The White House Hosts Its First-Ever Student Film Festival

Film Fest

President Barack Obama speaks with students in the State Dining Room prior to the White House Student Film Festival in the East Room of the White House, Feb. 28, 2014. (Official White House Photo by Pete Souza)

Cross-posted from the White House Blog.

Back in November, we asked K-12 students across the country to create short films on the role that technology plays in their classrooms. We asked them to tell us why technology is so important, and how it will change the educational experience for kids in the future.

And they responded with nearly 3,000 films.

Today, in collaboration with the American Film Institute, we hosted more than a dozen of the young filmmakers at the first-ever White House Student Film Festival, where we presented our 16 official selections. Special guests included Kal Penn, Bill Nye, and Neil deGrasse Tyson, along with Conan O’Brien who addressed the students by video.

To kick things off, President Obama addressed the attendees and told the young filmmakers how great their movies were:

[I]n my official capacity as President, let me just say these movies are awesome. Like all great movies, yours do something special — they tell a story. They help us understand, in this case, the amazing things that are going on in classrooms and how technology is empowering our students and broadening their imaginations and challenging them to dream bigger and reach further.

The President also talked briefly about his ConnectED initiative, which aims to connect 99 percent of America’s students to next-generation, high-speed Internet over the next five years. He announced $400 million in new commitments from Adobe and Prezi to make free software available to teachers and students, helping introduce creative learning materials to America’s classrooms. Coupled with the $750 million in commitments that the President announced earlier this month, private-sector leaders have pledged – in February alone – to invest more than $1 billion in America’s students.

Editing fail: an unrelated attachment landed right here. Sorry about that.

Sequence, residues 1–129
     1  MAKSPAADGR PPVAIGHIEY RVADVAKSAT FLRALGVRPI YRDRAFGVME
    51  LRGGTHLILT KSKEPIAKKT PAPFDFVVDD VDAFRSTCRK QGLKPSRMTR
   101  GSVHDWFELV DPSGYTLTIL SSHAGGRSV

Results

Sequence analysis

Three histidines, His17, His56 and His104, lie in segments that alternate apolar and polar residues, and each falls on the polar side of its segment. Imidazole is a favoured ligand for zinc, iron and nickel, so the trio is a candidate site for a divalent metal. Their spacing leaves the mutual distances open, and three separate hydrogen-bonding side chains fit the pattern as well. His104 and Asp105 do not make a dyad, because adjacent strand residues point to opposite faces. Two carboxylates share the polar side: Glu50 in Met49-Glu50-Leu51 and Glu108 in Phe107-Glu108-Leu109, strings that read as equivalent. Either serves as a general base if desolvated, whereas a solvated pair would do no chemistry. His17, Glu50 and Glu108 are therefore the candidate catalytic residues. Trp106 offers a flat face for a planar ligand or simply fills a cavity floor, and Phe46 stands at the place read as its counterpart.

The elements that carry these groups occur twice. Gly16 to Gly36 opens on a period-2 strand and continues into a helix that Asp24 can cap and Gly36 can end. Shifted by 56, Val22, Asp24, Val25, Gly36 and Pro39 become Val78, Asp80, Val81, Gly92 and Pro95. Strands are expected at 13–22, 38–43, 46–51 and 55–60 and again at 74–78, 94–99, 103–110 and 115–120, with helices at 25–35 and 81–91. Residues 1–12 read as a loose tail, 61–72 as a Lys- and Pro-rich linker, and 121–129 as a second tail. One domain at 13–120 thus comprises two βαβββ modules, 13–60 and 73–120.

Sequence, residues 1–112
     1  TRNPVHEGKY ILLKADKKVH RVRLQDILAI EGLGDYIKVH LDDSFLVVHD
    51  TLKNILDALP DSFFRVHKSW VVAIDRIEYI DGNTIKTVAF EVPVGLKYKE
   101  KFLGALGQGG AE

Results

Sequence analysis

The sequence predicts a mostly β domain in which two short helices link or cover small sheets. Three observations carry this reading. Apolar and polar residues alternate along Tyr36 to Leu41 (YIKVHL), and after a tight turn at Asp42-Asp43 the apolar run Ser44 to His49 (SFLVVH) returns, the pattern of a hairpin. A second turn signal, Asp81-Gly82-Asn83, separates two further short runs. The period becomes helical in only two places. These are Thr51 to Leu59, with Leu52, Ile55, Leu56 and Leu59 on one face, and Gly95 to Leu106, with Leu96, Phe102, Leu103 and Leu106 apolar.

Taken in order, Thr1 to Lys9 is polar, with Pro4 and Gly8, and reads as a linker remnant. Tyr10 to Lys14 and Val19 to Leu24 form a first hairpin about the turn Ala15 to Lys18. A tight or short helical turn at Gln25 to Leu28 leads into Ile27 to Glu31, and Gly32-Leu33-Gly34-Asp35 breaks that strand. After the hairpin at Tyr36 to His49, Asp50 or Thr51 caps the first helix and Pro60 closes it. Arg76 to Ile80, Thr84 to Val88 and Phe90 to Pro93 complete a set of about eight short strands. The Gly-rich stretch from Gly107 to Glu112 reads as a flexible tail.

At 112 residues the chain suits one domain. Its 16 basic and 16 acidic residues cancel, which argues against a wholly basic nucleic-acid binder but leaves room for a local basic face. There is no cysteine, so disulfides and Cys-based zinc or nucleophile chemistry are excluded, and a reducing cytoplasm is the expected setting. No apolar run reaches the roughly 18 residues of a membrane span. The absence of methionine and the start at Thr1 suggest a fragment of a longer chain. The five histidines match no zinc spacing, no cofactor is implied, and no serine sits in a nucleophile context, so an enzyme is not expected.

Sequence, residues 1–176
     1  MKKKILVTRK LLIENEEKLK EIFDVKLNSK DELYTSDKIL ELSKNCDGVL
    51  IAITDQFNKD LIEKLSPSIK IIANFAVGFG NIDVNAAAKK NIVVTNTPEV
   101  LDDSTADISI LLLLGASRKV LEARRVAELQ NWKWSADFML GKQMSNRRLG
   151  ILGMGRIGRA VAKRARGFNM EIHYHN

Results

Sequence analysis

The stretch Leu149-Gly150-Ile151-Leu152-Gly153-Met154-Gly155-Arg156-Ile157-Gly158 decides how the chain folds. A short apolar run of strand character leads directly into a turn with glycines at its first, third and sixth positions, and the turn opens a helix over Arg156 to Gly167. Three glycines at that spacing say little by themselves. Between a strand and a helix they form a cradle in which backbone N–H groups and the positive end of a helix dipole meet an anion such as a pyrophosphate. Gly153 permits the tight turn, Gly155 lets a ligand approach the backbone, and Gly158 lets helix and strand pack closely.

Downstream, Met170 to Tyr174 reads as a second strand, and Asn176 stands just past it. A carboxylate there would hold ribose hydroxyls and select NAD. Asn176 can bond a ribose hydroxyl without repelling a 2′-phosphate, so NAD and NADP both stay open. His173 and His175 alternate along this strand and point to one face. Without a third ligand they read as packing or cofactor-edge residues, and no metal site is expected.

Read his full remarks here.

Lights, camera, action!

If you missed the livestream of the event, don’t worry – the film festival’s official selections, as well as the videos that received honorable mentions, are below for your viewing pleasure:




  1. My student that submitted an entry is a special education student he would have been thrilled just to have his entry effort recognized in some way.

  2. I find it disturbing and inappropriate that your video application for the contest required no reference or space to acknowledge the student’s teacher/facilitator for the film. My students have been national winners before with C-Span where the whole team is recognized. Most times it is the classroom teacher that acts as the guide and facilitates the use of equipment and trains students on proper media techniques. This does not just happen in a vacuum. My students won honorable mention in this competition and yet I was not even given the courtesy of being emailed by you. Am I missing something here? I am their Technology teacher and acted as their facilitator during this competition.
    Thank you in advance for helping me to understand better.

    • Is there a press release to go with the Student Film Festival announcement or at least a list of the winners, states and school districts? I couldn’t find one and my organization would like to promote any from our state. Thanks.

    • Sometimes instead of allowing your ego to fly off the handle, it might be more apporpriate to make a valid suggestion. Often we focus so hard on our goals we might omit ancillary components. It is easier to judge than to do.

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